- However, with the passage of days, the “out of memory” errors start to appear again for the large sets, and the results of the memory clerks quey fall to about: Reserved_kb 120M-160M, and TotalCLR_kb to 60M-70M (not enough to hold the data for the large sets, let alone to handle subsequent processing)
I have used the following query to (?) determine the largest free block of memory available:
-- Memory blocks available, and largest single block
;WITH VAS_Summary AS
Size = VAS_Dump.Size
,Reserved = SUM( CASE(CONVERT(INT, VAS_Dump.Base)^0) WHEN 0 THEN 0 ELSE 1 END )
,Free = SUM( CASE(CONVERT(INT, VAS_Dump.Base)^0) WHEN 0 THEN 1 ELSE 0 END )
CONVERT(VARBINARY, SUM(region_size_in_bytes)) [Size]
WHERE region_allocation_base_address <> 0x0
GROUP BY region_allocation_base_address
CONVERT(VARBINARY, region_size_in_bytes) [Size]
WHERE region_allocation_base_address = 0x0
) AS VAS_Dump
GROUP BY Size
SUM(CONVERT(BIGINT, Size) * Free) / 1024 AS [Total avail mem, KB]
,CAST(MAX(Size) AS BIGINT) / 1024 AS [Max free size, KB]
WHERE Free <> 0
On non-working systems this appears to be very low, at 8M or so; on working systems, it is large, at 40M and up.
So my questions are: why are we having these problems? There’s enough memory, and everything works initially, but over time things degrade and cease to function properly. Because we do start out with “enough memory", we’re not fiddling with the -g startup flag. Is “this part" of the memory being managed by SQL getting fragmented over time, blocking SQL from allocating large chunks and foiling our attempts at “large operations” with CLR code? Is there anything we can do to our current setup to prevent this from happening? (Periodically restarting SQL server = “turning it off and on again” = a bozo solution, please don’t suggest it.) Preliminary tests indicate that this will not occur in 64bit editions (the memory cleck queries say there’s 6G of memory for the CLR), so we may have to migrate… but this still leaves the question, what are the limitations we're hitting in 32bit SQL regarding availability and use of memory for the CLR?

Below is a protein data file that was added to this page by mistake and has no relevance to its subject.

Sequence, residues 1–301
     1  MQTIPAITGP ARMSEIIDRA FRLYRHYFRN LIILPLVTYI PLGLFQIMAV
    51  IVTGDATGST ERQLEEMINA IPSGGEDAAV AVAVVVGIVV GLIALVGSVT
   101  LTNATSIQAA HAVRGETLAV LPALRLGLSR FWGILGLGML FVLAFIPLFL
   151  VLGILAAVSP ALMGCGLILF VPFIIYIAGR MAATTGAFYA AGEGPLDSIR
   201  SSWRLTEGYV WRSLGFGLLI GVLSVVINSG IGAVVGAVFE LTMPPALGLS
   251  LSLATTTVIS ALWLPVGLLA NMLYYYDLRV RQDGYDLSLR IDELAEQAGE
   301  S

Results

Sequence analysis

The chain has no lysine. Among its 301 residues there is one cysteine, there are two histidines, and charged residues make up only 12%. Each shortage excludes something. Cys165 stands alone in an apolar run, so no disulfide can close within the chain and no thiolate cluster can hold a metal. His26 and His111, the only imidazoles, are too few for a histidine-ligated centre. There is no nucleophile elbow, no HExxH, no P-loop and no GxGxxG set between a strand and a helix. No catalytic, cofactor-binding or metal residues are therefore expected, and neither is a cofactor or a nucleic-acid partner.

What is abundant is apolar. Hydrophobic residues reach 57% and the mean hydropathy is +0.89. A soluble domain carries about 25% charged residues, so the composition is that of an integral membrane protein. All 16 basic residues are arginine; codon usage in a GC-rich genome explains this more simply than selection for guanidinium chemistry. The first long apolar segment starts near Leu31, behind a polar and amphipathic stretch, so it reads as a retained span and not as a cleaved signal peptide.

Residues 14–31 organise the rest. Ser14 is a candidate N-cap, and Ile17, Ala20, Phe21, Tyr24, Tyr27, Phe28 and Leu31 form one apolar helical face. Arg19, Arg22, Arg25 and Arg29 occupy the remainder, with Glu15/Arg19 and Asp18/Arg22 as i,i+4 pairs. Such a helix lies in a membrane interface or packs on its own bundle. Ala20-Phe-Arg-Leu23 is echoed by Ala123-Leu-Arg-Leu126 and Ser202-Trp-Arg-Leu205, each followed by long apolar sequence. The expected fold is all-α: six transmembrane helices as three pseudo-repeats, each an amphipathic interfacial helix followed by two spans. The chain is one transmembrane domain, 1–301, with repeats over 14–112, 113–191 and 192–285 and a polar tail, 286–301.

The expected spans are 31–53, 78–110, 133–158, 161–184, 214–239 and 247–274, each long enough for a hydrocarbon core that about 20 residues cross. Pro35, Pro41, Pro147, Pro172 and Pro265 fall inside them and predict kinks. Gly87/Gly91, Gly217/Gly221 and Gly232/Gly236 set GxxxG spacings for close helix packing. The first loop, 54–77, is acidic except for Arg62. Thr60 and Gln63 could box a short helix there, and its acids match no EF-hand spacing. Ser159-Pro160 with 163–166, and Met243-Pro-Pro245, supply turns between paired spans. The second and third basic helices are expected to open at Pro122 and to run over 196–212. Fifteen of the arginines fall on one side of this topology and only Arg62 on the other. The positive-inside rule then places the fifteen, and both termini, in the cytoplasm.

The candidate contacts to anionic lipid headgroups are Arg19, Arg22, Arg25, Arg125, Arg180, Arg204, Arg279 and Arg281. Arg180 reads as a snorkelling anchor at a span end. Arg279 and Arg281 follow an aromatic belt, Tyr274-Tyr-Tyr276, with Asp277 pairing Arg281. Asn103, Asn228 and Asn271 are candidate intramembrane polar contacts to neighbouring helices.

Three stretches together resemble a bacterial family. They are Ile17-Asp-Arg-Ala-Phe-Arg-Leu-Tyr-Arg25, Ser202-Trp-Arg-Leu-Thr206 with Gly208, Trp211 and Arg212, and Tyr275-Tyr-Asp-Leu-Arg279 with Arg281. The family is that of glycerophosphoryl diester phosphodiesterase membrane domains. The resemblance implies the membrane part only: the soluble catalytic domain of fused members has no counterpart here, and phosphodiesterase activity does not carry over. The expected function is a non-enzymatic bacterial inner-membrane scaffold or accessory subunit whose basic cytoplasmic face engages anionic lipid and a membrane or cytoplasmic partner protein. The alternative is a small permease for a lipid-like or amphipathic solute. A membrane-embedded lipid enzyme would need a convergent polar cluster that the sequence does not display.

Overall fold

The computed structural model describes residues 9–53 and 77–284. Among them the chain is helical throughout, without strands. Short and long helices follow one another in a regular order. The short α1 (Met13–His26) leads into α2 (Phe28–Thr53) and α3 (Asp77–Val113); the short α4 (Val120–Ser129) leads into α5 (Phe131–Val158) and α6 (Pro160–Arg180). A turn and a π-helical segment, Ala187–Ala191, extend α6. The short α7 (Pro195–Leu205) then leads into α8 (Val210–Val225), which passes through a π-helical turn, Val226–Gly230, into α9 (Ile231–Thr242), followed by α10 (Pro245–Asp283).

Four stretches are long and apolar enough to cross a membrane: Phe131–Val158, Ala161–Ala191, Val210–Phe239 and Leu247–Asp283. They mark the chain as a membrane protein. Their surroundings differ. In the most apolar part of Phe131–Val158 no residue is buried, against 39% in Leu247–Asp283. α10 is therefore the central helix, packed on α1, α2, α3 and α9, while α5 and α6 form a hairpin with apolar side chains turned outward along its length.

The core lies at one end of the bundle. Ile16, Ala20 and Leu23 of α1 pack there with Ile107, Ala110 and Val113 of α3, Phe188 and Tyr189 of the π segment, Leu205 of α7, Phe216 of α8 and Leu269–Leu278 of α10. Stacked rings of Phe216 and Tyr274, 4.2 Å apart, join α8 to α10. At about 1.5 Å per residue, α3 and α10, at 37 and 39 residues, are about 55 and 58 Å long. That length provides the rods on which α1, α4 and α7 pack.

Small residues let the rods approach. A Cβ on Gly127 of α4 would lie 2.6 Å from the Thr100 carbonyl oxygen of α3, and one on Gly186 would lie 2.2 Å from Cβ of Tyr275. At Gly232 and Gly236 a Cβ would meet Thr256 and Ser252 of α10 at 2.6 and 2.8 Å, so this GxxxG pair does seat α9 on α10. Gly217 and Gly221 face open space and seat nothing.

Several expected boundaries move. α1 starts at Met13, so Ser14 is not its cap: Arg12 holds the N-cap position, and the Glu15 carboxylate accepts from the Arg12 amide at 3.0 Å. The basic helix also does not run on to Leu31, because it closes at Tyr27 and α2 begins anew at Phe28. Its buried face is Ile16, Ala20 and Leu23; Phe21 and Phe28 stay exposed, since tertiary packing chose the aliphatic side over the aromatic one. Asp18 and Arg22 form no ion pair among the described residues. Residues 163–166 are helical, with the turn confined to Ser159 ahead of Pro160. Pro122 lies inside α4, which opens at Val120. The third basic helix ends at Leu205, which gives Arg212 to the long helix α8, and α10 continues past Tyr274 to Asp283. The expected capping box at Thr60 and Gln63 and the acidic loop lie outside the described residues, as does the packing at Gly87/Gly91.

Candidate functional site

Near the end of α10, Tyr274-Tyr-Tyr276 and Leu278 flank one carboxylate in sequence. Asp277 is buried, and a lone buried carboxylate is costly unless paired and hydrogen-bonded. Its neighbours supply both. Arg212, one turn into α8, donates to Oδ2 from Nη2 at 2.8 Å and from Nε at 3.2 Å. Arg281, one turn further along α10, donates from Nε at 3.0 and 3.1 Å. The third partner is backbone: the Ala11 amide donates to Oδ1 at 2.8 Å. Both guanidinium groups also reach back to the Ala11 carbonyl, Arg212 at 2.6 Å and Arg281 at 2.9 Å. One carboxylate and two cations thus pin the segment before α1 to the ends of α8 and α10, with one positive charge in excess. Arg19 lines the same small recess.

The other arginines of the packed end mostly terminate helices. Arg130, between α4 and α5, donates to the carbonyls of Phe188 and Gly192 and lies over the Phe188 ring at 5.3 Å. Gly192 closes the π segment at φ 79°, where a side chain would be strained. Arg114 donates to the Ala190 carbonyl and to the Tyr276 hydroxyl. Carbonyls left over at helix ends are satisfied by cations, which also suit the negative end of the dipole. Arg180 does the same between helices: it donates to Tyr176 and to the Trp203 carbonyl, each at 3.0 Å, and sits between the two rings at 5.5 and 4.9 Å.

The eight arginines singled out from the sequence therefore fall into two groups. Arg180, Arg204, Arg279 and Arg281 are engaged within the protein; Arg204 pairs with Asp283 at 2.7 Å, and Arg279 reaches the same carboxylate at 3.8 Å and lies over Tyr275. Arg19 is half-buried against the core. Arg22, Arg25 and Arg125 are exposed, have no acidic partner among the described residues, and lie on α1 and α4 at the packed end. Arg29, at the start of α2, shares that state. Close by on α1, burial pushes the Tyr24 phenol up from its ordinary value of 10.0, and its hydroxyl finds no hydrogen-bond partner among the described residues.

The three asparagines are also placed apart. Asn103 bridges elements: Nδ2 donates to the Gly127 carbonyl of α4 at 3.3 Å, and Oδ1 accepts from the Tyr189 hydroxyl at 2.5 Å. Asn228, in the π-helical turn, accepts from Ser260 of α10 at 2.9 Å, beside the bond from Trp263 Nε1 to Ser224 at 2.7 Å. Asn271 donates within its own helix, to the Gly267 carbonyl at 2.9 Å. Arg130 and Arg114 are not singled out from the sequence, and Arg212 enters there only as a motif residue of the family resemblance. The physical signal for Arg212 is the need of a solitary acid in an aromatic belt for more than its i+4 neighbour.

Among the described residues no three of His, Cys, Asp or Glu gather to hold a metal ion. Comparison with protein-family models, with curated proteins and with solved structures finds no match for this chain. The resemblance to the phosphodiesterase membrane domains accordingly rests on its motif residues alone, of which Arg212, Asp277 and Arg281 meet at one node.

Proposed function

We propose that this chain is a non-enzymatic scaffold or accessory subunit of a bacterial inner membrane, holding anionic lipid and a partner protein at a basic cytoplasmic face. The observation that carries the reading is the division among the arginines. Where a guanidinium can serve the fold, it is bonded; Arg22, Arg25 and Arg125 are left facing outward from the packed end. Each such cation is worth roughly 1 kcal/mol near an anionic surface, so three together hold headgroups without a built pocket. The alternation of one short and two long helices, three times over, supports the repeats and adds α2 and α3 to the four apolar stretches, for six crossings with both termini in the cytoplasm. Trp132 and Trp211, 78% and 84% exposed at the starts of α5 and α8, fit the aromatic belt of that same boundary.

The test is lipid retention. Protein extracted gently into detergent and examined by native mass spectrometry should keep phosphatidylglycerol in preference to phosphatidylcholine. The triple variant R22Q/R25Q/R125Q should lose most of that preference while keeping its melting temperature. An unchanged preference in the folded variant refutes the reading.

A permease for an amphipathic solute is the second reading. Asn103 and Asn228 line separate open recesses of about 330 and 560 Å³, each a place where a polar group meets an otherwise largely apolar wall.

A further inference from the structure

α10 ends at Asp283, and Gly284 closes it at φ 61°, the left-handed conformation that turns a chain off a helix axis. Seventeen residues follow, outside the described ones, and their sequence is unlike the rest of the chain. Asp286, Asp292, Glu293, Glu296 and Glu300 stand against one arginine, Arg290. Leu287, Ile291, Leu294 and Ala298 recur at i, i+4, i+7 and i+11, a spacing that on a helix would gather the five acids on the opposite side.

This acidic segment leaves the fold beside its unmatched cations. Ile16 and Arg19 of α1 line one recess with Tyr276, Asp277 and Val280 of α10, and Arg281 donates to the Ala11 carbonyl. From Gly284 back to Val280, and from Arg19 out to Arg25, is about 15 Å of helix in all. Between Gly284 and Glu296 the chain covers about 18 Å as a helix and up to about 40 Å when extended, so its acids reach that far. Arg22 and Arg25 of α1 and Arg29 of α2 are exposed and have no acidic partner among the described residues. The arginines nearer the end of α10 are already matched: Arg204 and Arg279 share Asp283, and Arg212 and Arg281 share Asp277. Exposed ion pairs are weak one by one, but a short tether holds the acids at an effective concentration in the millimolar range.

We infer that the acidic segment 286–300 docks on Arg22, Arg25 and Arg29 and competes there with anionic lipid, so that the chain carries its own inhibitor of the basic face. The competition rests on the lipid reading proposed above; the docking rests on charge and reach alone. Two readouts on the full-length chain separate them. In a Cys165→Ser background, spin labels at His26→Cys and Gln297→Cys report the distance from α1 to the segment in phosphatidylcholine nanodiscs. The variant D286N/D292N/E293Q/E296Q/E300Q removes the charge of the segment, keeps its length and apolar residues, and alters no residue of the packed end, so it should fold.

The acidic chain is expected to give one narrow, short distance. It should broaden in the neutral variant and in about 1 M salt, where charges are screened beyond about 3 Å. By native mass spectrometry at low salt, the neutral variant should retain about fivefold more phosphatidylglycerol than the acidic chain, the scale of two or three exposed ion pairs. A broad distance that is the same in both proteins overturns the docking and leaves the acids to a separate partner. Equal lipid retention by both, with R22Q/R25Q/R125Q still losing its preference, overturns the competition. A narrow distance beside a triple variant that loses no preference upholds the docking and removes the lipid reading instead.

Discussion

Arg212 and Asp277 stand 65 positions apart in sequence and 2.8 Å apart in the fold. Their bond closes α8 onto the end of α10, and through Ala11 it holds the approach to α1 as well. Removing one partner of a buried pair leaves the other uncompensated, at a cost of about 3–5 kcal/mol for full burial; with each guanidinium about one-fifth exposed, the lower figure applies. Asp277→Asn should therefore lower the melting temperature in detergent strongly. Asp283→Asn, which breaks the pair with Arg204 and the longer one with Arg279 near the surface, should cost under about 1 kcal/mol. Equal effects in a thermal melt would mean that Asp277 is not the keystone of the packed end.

Wednesday, July 28, 2010 5:50 AM
The main problem will be you CLR implementation, maybe memory leakage, holding to much objects at one time. You should check & optimize your CLR code. And consider how far a CLR implementation is necessary or if it also could be implemented in T-SQL.
Olaf Helper ----------- * cogito ergo sum * errare humanum est * quote erat demonstrandum * Wenn ich denke, ist das ein Fehler und das beweise ich täglich http://olafhelper.over-blog.de
Saturday, July 31, 2010 12:39 AM
This appears to be a memory leak issue. However, are you using context connection in your CLR stored procedure? If yes, can you use regular connection object and see if this makes any difference.
Thursday, January 19, 2012 11:41 PMFYI, it ultimately proved to be a combination of overly-large data sets and memory fragmentation. We solved the problem by upgrading (sidegrading?) to 64-bit, in which CLR memory allocation works a bit differently. The problem has not recurred since then.
- Marked As Answer by Bob BeaucheminMVP, Moderator Friday, January 20, 2012 5:02 PM